Features

The joy of less sex

I used to think nothing would ever be more important. I was wrong

22 March 2014

9:00 AM

22 March 2014

9:00 AM

From the age of 13, when the hormones kicked in, till I left my parents home at the age of 17 to become a writer (nearly forty years later, I’m still waiting) I must have been the most sex-mad virgin in Christendom. Nights were spent dressed as a West Country approximation of a transvestite Port Said prostitute, blind with eyeliner and dumb with lipgloss, alternately dancing like the lead in a Tijuana pony-show and hiding in the toilets during the slow numbers, crying repeatedly ‘Why won’t all those men just LEAVE ME ALONE!’ Days were spent in an attempt to evade the attentions of the regiment of leering males while voluntarily rolling up my regulation school skirt so high that it resembled a cummerbund.

Though I thought about sex ceaselessly, I clung on to my virginity as though it was an autographed pair of Marc Bolan’s undercrackers. I read Lolita in the park the summer I turned 13, wearing heart-shaped sunnies and hotpants and sucking on popsicles in a rather sordid example of life imitating art. I shivered at the fate of poor Dolly Schiller dying in childbirth in the town of Grey Star, still a teenager and all played out.

I avoided sex like the plague because I knew I would really, really like it; I suspected that it would exert a massive, non-specific power over me, and that it would conspire with those forces already bent on doing so — i.e. my parents — to keep me exactly where I was. To a kid who slept with a London tube map over her bed, joining the massed ranks of ex-teenage rebels turned harassed young mothers seemed a voyage of the damned indeed. Pushing a pram through a purgatory of pregnancy, lactation and finger-painting was to me as horrific an image as any Hieronymus Bosch vision of Hell.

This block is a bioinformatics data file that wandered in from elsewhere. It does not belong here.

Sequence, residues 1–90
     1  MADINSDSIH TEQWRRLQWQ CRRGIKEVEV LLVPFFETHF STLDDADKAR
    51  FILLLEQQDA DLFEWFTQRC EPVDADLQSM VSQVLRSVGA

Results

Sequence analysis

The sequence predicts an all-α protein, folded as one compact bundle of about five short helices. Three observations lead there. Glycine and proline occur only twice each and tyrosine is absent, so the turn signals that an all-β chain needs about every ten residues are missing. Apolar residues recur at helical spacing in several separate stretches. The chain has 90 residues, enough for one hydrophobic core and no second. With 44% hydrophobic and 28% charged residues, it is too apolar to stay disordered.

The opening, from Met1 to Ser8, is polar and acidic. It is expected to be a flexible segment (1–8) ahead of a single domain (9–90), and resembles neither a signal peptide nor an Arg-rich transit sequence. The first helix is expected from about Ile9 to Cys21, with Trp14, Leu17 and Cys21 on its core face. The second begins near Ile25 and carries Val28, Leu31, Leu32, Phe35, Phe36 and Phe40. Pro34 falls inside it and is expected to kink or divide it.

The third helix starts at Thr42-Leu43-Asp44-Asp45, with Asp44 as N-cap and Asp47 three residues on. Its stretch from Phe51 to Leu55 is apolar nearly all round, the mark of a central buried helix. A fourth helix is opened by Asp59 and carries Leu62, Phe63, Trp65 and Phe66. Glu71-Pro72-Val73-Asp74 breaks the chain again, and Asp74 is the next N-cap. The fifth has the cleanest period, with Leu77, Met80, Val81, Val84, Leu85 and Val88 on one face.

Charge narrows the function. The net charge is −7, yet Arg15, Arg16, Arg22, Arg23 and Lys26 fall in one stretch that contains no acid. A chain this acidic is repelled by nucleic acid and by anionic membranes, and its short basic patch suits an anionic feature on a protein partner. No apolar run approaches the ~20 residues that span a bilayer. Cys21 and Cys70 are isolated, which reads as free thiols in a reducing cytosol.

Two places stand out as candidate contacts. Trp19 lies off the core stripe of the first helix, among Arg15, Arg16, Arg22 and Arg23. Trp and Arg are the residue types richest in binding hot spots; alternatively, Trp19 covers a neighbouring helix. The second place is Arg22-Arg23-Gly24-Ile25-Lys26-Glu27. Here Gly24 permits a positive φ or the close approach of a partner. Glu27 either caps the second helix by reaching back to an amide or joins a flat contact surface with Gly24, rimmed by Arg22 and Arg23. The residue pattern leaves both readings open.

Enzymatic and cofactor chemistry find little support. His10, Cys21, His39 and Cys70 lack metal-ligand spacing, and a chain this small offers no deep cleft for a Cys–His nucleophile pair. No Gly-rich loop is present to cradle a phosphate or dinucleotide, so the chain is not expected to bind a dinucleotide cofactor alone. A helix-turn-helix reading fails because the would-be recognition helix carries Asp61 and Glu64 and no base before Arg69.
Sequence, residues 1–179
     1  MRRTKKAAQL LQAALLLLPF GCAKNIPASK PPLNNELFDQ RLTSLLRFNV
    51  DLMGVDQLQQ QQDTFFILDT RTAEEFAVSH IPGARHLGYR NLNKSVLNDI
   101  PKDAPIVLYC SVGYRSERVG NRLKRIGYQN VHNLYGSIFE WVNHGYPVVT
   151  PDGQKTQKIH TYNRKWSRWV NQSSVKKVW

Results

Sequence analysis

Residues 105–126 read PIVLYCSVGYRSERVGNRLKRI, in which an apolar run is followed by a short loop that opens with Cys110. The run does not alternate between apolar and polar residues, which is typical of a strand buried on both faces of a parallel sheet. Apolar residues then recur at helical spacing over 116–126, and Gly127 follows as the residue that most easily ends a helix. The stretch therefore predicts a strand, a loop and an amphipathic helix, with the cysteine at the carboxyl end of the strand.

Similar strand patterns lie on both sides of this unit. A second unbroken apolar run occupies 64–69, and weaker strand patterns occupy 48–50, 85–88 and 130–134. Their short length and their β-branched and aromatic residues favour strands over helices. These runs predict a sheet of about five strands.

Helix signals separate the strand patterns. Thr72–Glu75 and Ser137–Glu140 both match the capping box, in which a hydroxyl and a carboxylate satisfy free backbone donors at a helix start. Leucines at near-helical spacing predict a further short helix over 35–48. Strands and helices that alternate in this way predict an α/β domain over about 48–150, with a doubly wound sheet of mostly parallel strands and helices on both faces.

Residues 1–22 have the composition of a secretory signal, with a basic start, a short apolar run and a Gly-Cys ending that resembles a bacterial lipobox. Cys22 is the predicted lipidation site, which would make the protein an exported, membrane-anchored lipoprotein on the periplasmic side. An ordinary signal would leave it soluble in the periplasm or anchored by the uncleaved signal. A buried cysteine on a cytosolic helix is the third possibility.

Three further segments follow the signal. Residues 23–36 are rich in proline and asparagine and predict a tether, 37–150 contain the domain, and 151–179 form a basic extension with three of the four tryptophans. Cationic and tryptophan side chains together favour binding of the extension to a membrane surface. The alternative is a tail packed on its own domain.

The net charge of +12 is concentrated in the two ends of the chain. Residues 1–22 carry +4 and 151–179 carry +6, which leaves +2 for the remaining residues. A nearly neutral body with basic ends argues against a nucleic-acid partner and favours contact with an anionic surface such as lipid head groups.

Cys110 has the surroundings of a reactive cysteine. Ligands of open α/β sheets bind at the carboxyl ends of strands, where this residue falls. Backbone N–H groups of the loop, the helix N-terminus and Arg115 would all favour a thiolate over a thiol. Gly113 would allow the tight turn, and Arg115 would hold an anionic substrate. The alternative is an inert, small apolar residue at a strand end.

I escaped when I was 17 — but true to type, I married the first man I slept with. I had a lot of sex during my first marriage, a mad amount during my second marriage and (after six months’ lesbian leave for good behaviour) a really quite insane amount during my third, current and hopefully last marriage. It’s fair to say that between the ages of 25 and 45, I was a monogamous sex fiend and when I wasn’t doing it, I was anticipating it, recovering from it or imagining downright rotten variations on it. I was once walking along the esplanade with my husband when a tall, dark and handsome Alsatian passed by. My husband looked hard at me and said ‘Please tell me you didn’t just say “Phwooar!’’’

This being the case, I’d have thought that the gradual decreasing of my sex drive — at 54, I’ve decided that no one needs to have it more than once a day: anything more is just showing off — would have left something of a gap in my life. I’d have predicted that I’d go down gamely gagging for it, as have my contemporaries Cosmo Landesman, 59 — who recently bristled in this very publication: ‘I’m still interested in sex. Is that a problem?’ — or Monica Porter, 61, who publishes her eye-watering memoir My Year Of Dating Dangerously this month. Instead, I react with genuine surprise when my (admittedly much younger) husband suggests a second go in a 24-hour time slot. I mean, yes, I’m up for it — but would I go looking for it? Probably not.

I don’t believe that I will be joining the ranks of so-called ABC sexers anytime soon — those couples who have sex only on anniversaries, birthdays and Christmas. But according to a recent Lancet report, we are as a nation having quite a lot less sex than we did 20 years ago — 40 per cent have sex once a week, 13 per cent once every six months and 17 per cent haven’t done the deed for over six months. It’s a bitter irony that the British finally found themselves promoted to Nympho of the Nations after decades of being considered the Frigid Man of Europe only to drop the baton on the last lap.

Perhaps familiarity has bred contempt? Society is so sex-drenched now that saying, in the manner of Bartleby, ‘I would prefer not to’ can look sort of cool. On the radio the other day, I heard a re-run of The Clitheroe Kid. I originally heard it as a child in the 1960s, and was amazed at how the word ‘elastic’ reduced the audience to screams of pleasurably outraged disbelief. In my lifetime we’ve gone from the public broadcast of the E-word to the C-word; it’s bound to induce collective ennui.